Powdery mildew of apple

Podosphaera leucotricha


Apple powdery mildew is caused by a fungus and causes a powdery white coating on leaves, shoots and flowers on apple trees. This causes a reduction in shoot growth and fruit set.


The pathogen overwinters in the buds, especially in the terminal buds. With budbreak in spring, the fungus grows out of the buds and attacks newly formed leaves, shoots and flower organs. It attaches itself to the surface and forms short sucking processes for nutrient uptake, which reach into the tissue interior of the host plant. After only a short time, powdery mildew coating of spores is visible at the infested sites. They serve for further spreading within the tree crown. From May to June, colonization of the new buds, the winter quarters of the fungus, takes place.

Damage symptoms

Young leaves, shoot tips and flowers are covered with a powdery white fungal coating. Affected flowers do not open at all or open a few days later than healthy flowers. The leaves are either completely covered with fungal mycelium or only individual spots appear on the undersides of the leaves. Subsequently, the leaves dry out and fall off. In the advanced stage, the shoots can become completely bare except for a small leaf head. Severe infestation leads to reticulated russeting on the fruit. Apples can remain small due to the powdery mildew infestation.

Host plants

Apple and pear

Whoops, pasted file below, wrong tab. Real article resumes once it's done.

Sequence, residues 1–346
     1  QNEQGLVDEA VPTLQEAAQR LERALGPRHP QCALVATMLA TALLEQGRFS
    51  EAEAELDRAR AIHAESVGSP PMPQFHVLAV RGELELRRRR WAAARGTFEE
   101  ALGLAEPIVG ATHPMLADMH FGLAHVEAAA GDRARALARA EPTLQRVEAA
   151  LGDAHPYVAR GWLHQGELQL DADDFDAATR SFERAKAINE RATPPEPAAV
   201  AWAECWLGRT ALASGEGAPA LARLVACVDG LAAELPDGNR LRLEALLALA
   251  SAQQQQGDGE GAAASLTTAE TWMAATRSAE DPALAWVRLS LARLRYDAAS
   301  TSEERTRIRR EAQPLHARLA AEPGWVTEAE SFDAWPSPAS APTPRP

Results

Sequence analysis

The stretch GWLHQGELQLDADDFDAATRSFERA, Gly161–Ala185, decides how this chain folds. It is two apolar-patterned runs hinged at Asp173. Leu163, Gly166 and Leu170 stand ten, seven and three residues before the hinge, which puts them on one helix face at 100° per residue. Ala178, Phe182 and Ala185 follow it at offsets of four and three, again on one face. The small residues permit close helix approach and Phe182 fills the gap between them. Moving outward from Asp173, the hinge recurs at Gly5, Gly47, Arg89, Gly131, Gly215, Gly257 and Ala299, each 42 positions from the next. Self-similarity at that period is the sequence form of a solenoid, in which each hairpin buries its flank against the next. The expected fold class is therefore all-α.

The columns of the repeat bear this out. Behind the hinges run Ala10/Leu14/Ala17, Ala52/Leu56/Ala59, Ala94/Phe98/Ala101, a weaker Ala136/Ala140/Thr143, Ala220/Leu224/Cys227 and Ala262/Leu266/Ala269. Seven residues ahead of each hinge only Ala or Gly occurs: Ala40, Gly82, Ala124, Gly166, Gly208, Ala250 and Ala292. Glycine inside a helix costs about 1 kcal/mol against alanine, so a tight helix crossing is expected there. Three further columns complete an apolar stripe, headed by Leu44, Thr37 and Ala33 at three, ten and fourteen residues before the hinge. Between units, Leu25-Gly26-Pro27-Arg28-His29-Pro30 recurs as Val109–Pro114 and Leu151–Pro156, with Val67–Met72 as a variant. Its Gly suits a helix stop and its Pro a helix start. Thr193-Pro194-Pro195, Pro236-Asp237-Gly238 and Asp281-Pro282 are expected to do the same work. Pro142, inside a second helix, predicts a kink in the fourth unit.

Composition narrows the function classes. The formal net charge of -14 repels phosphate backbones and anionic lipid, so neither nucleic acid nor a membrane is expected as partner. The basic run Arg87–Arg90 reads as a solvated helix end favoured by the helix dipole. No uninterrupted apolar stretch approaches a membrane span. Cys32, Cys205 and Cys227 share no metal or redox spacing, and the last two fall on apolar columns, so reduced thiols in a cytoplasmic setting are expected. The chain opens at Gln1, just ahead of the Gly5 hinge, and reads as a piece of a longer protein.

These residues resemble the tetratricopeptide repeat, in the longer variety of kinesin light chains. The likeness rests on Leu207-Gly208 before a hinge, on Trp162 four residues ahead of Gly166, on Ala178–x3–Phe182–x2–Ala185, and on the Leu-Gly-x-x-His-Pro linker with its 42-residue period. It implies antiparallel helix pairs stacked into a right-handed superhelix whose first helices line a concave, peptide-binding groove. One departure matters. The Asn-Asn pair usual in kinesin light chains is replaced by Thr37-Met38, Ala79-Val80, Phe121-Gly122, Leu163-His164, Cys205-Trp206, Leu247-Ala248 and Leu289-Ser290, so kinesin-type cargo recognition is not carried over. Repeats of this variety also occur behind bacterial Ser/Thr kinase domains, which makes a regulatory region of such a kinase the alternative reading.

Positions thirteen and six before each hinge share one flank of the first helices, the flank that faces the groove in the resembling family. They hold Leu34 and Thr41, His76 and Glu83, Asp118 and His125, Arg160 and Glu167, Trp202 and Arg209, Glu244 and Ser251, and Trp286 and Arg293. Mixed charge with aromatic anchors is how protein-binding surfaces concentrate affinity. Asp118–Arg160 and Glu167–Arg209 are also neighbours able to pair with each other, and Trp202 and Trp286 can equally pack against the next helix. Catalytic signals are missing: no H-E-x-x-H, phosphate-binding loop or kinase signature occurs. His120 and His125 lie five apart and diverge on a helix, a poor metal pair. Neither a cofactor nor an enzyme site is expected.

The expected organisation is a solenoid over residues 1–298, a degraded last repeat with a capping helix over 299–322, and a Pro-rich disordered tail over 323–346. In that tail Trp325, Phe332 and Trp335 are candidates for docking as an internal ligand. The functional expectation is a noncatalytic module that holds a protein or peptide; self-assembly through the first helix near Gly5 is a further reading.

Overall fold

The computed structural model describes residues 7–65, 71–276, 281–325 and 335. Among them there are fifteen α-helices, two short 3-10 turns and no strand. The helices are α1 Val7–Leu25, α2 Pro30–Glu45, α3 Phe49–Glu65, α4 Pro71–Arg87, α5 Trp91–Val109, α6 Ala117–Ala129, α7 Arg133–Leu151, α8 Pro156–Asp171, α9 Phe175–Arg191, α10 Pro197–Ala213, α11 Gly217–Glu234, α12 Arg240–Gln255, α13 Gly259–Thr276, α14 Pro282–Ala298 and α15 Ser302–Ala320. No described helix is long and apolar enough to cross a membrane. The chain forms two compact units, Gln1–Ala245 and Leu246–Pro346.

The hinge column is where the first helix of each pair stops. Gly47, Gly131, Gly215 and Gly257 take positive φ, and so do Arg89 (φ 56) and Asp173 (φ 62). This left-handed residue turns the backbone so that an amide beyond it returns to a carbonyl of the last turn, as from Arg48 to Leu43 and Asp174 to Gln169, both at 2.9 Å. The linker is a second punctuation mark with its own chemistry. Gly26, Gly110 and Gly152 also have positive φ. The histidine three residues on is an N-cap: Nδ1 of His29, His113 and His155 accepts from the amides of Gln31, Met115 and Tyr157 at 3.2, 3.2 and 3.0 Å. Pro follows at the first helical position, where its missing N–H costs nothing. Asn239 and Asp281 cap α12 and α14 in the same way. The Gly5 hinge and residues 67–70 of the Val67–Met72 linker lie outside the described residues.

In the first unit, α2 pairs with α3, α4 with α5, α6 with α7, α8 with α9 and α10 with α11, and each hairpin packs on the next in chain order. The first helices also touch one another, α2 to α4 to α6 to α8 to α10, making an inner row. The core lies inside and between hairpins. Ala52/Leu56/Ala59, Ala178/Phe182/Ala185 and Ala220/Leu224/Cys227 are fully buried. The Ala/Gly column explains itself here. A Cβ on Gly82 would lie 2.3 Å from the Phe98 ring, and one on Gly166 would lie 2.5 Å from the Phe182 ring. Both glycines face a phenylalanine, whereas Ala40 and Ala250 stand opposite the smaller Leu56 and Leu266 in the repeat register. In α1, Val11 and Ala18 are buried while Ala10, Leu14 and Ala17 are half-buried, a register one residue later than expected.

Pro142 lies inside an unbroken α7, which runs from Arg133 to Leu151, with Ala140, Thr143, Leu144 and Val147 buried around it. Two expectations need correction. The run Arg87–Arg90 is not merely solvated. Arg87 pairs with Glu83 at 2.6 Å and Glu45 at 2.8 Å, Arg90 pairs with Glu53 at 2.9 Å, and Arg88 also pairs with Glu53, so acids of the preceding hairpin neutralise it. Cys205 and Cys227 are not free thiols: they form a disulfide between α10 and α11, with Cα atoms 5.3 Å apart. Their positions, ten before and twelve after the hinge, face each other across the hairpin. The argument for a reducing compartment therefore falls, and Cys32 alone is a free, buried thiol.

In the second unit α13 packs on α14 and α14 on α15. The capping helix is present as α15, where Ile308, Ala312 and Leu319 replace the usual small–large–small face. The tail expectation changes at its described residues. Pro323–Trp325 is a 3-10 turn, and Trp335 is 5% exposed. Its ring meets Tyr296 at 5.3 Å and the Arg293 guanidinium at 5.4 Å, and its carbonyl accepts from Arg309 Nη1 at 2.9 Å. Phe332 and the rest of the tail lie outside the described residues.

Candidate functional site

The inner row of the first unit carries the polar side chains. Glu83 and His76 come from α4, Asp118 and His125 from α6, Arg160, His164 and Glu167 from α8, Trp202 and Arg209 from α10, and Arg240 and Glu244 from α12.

Apple powdery mildew occurs worldwide in all regions where apples are produced.

Propagation and transmission

The conidia of the fungus are spread by wind. Free water is not necessary for germination on the plant tissue.

Economic importance

In drought-warm areas, susceptible cultivars are at high risk because of reduced shoot growth and fruit set.

Prevention and control

  • Too lush shoot growth should be avoided.
  • The choice of cultivar is a major factor in determining disease incidence. In commercial cultivation, resistant varieties only need to be treated in the event of extremely high infestation; in the case of varieties with low susceptibility, the number of treatments with plant protection products can be reduced. Particularly susceptible varieties include Jonathan, Idared, McIntosh, Gravensteiner, Clear Apple, Cox's Orange, Elstar, Jonagold, and Boskoop.
  • Infected shoots should be removed during winter pruning.
  • However, removal of infected shoots (powdery mildew pruning) is also an effective measure to reduce infestation in spring/early summer.
  • The use of plant protection products (see list of plant protection products approved in Austria) starts at flowering and continues until the end of shoot growth.

Last updated: 11.04.2023

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